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EXCLUSIVE: ‘Padmaavat’ actress Anupriya Goenka uncensored and unabashed
With barely a few movies to her credit, Anupriya Goenka has become a Force to reckon with. Her last two movies ‘Tiger Zinda Hai‘ and ‘Padmaavat’ gave her recognition and even though she had supporting roles to play, her characters left a lasting impact on the audiences. Be it as the brave nurse Poorna in ‘Tiger Zinda Hai’ or Rani Nagmati in ‘Padmaavat’, Anupriya has earned praises. So, as her recent flick ‘Padmaavat’ is gaining all the limelight, we engaged in an exclusive conversation with her about her background, movies, her interests and future projects.
Coming from a corporate background, how easy was the transition to Bollywood?
It hasn’t been easy at all because I’m a corporate person, I’ve also done business in the past, so I was used to a very different life. I’m not from a very creative space in any way and I was used to a very structured lifestyle whereas here there is no fixed schedule.
Like, I said I come from a business family, I was always inclined towards business as a child itself. However, that was struggling and I had shut shop in my second year of college and I had started working in the corporate space which was again very new for my family or my relatives because none of the girls in our family had ever done a corporate job and I really enjoyed it. Because you know what you’re doing every day, how much money is coming in and then I moved to something which is completely the opposite of it. And that too people told me that I was already 25 and it’s too late and I didn’t have any friends, relatives or anybody whom I knew who was a part of this industry or to understand how to even start. I think most of the times all of us even suffer from not knowing where to begin from. So, all those things are there. It’s not easy because there is no right sense of guidance and even after you’ve figured, it’s not an easy process at all because it is so bound by uncertainty.
And you are really without work literally because you’re busy in giving auditions, meetings and running helter-skelter and it requires a lot of perseverance, self-assurance and faith in your craft. So, all these qualities really mark the journey of an actor.
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So, are you missing those good old days?
See, I have always loved acting and that is something which I discovered that the amount of happiness a good film, a good performance, one moment gives infront of the camera, being directed by a director or working with a team. So, those are the things you always keep in focus whenever there are moments of unsurety. Of course, I have missed my corporate life many times. The funny thing is when I’m in my corporate attire for a role or I’m shooting in a cabin or when I visit channels for interviews, I love seeing those cabins, I love those chairs. However, I know that what I do now, I love the most and I love acting. So, I’m happy doing that.
Speaking of acting, your last two movies ‘Padmaavat’ and ‘Tiger Zinda Hai’ struck gold at the box office. How does it feel?
I feel blessed, I don’t have words to describe that feeling especially when people come and tell you that you’re a part of two big blockbuster movies back-to-back. That is an amazing feeling and God has been very kind and I would never know how to thank Sanjay Sir, Ali Abbas Zafar or YRF, because they are the ones who had faith in me. They kept faith in me for very important roles and gave me opportunities. It’s been a great experience of working with these stalwarts. So, it’s an amazing feeling.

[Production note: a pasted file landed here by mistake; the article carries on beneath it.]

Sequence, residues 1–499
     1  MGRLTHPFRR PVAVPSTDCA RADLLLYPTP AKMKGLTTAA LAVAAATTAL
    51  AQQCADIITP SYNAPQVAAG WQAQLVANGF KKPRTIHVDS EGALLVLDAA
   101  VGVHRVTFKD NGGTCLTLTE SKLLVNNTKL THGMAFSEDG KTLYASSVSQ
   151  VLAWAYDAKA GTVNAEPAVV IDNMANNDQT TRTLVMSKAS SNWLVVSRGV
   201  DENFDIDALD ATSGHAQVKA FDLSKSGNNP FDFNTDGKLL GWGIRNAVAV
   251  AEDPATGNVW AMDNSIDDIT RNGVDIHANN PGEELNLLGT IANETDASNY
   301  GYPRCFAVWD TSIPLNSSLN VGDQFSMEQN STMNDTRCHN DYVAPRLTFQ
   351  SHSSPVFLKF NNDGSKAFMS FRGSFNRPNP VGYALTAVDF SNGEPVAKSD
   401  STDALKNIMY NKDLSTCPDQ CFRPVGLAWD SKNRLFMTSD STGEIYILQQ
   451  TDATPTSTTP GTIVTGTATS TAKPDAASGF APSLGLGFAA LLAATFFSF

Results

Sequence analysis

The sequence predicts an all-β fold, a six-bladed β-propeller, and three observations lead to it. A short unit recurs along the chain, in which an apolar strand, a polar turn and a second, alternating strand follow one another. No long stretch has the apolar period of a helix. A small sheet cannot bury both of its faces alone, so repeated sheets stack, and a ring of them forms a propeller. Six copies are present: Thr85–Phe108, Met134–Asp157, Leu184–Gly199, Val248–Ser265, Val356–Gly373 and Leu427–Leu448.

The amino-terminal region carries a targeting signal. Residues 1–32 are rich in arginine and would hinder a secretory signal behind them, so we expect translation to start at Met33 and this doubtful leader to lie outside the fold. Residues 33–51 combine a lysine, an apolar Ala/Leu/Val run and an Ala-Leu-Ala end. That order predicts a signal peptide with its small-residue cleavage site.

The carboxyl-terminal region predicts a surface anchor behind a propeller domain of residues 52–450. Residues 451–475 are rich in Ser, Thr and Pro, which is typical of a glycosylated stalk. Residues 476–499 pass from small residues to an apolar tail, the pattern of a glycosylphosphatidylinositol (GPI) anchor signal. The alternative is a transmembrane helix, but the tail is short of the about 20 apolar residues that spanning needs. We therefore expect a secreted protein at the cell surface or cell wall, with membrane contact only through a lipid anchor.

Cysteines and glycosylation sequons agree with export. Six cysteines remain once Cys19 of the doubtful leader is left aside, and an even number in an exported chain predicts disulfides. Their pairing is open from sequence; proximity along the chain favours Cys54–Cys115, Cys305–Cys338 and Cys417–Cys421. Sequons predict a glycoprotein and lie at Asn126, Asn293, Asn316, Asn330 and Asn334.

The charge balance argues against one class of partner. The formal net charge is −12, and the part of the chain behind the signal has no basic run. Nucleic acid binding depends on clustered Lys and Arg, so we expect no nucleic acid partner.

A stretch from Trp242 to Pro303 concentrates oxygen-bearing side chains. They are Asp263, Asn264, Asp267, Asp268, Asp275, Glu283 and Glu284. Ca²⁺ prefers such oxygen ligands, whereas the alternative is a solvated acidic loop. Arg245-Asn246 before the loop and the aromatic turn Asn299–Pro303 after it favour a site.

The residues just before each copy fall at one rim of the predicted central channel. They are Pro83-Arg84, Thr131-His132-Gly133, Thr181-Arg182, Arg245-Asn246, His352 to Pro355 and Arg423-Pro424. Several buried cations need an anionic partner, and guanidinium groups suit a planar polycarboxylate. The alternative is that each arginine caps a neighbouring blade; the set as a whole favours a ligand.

Talking further about these two movies, while ‘Tiger Zinda Hai’ had a smooth release, ‘Padmaavat’ faced several roadblocks. Did it make you nervous about the fate of the film?
It did make me nervous, not about the fate of the film, but about what the whole team was going through. I could imagine the struggle Sanjay Sir and his team has gone through in putting the film together and they have put in so much effort, so much love. I have seen him nurture this film. They have put in like 400-500% of themselves. It’s been a dream project. So my heart used to go out to just the hardships that they were facing and we all were facing. We always believed in ‘Padmaavat’ completely all through it. We knew what the script was, we knew what the film was and how it is an ode to the Rajput honour. So, that was even more of an unfortunate part that when you know that something like this happens, it’s even more disheartening. We don’t know what to say like how would you even comprehend that. But, we all knew that it will finally release and the day it releases, the audiences are going to love it. And it will only make the community proud and that’s exactly what happened.
Even though the audiences have loved the movie, members of Karni Sena have been continuing with their protests against the movie. What do you have to say about this?
Honestly, I’not very aware of the current scenario. I’m just hearing about the good numbers, the good reviews and how people are loving it, how they are loving Deepika, Shahid, Ranveer and all of us. And how Sanjay Sir is being applauded for his magnum opus, his masterpiece and it is a masterpiece. So honestly, I haven’t been that impressed with what’s happening.
Speaking about your character of Rani Nagmati in the movie, how did you bag the role?
Well, Shruti Mahajan is the casting director and she arranged the meeting between me and Sanjay Sir. So, that was very interesting because mostly we as actors first audition for roles a couple of times and only when you’re at a certain stage of the audition process you get to meet the director. Here, he met me first, he gave me his time, he narrated my character to me and you know briefed me about it. And then I was asked to audition. That meeting I can never forget. Then there were auditions for a couple of months, followed by a final look test and I got finalised. And for the preparation bit of it, I think whatever you see onscreen is all thanks to Sanjay Sir. He has been the biggest help in terms of making me understand Rani Nagmati, essaying her onscreen and it’s his vision.